gain, from our present establishment of affections, what exquisite enjoyment springs, of love, of friendship, and of domestic life. For each one of which God, amidst this world's faded glories, hath preserved many a temple of most exquisite delight. Home, that word of nameless charms; love, that inexhaustible theme of sentiment and poetry; all relationships, parental, conjugal, and filial, shall arise to a new strength, graced with innocency, undisturbed by apprehension of decay, unruffled by jealousy, and unweakened by time. Heart shall meet heart
Each other's pillow to repose divine.
The tongue shall be eloquent to disclose all its burning emotions, no longer labouring and panting for utterance. And a new organization of body for joining and mixing affections may be invented, more quiet homes for partaking it undisturbed, and more sequestered retreats for barring out the invasion of other affairs. 'Oh! what scenes of social life I fancy to myself in the settlements of the blessed, one day of which I would not barter against the greatness and glory of an Alexander or a Cæsar. What new friendships—what new connubial ties--what urgency of well-doing-what promotion of good—what elevation of the whole sphere in which we dwell! till every thing smile in “ Eden's first bloom," and the angels of light, as they come and go, tarry with innocent rapture over the enjoyment of every happy fair. Ah! they will come, but with no weak sinfulness like those three* lately sung of by no holy tongue; they will come to creatures sinless as themselves, and help forward the mirth and rejoicing of all the people. And the Lord God himself shall walk amongst us, as he did of old in the midst of the garden. His Spirit shall be in us, and all heaven shall be revealed upon us.
“God only knows what great powers he hath of creating happiness and joy. For, this world your sceptic poets make such idolatry of, 'tis a waste howling wilderness compared with what the Lord our God shall furnish out. That city of our God and the Lamb, whose stream was crystal, whose wall was jasper, and her buildings molten gold, whose twelve gates were each a silvery pearl—doth not so far outshine those dingy, smoky, clayey dwellings of men, as shall that new earth outshine the fairest region which the sun hath ever beheld in his circuit since the birth of time.
“ But there is a depraved taste in man, which delights in strise and struggle; a fellness of spirit, which joys in fire and sword ? and a serpent mockery, which cannot look upon innocent peace without a smile of scorn, or a ravenous lust to mar it. And out of this fund of bitterness come forth those epithets of derision which they pour upon the innocent images of heaven. They laugh at the celebration of the Almighty's praise as a heartless service-not understanding that which they make themselves merry withal. The harp which the righteous tune in heaven, is their heart full of glad and harmonious emotions. The song which they sing, is the knowledge of things which the soul coveteth after now, but faintly perceiveth. The troubled fountain of human understanding hath become clear as crystal, they know even as they are known. Wherever they look abroad,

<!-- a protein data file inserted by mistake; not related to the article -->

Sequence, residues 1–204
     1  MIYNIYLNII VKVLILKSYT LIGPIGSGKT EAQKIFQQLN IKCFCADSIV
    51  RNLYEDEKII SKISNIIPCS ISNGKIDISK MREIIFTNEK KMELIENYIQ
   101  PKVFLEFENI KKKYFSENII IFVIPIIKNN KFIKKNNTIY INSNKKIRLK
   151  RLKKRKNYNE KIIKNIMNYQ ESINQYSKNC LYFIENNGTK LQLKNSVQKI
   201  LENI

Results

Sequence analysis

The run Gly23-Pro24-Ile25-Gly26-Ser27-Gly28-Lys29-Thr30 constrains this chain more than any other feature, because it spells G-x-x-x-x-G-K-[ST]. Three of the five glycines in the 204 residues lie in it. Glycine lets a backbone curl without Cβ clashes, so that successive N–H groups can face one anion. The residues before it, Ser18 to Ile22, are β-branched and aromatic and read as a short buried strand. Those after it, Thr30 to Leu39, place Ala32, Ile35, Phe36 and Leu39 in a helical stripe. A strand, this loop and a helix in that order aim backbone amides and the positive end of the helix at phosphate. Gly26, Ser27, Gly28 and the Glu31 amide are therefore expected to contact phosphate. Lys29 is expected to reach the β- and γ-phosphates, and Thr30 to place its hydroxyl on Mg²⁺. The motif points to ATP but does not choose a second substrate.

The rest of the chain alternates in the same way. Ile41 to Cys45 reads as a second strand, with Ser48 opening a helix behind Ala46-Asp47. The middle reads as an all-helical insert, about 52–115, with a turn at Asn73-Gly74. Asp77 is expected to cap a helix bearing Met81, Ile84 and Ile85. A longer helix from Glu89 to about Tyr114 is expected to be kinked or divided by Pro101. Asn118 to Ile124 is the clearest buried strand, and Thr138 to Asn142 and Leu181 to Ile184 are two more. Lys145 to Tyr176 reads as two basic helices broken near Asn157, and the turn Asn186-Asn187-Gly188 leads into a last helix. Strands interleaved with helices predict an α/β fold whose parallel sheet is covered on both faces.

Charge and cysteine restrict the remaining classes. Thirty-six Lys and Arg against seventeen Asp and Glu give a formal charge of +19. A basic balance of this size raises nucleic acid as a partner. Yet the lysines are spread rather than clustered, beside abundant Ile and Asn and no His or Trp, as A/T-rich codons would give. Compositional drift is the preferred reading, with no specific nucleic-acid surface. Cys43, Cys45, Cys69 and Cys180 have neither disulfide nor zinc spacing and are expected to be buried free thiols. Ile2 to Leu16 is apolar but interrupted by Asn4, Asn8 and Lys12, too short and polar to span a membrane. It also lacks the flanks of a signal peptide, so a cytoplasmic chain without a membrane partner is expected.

* Moore's three lovesick angels.
they perceive wisdom and glory—within, they feel order and happiness--in every countenance they read benignity and love. God is glorified in all his outward works, and inthroned in the inward parts of every living thing; and man, being ravished with the constant picture of beauty and contentment, possessed with a constant sense of felicity, utters forth his Maker's praise, or if he utters not, museth it with expressive silence.”
He who speaks in the following style of the death-bed anticipations of hell, which agitate the wicked, how will he speak of hell itself?
- And another of a more dark and dauntless mood, who hath braved a thousand terrors, will also make a stand against terror's grisly king--and he will seek his ancient intrepidity, and search for his wonted indifference; and light smiles upon his ghastly visage, and affect levity with his palsied tongue, and parry his rising fears, and wear smoothness on his outward heart, while there is nothing but lossing and uproar beneath. He may expire in the terrible struggle--nature may fail under the unnatural contest; then he dies with desperation imprinted on his clay!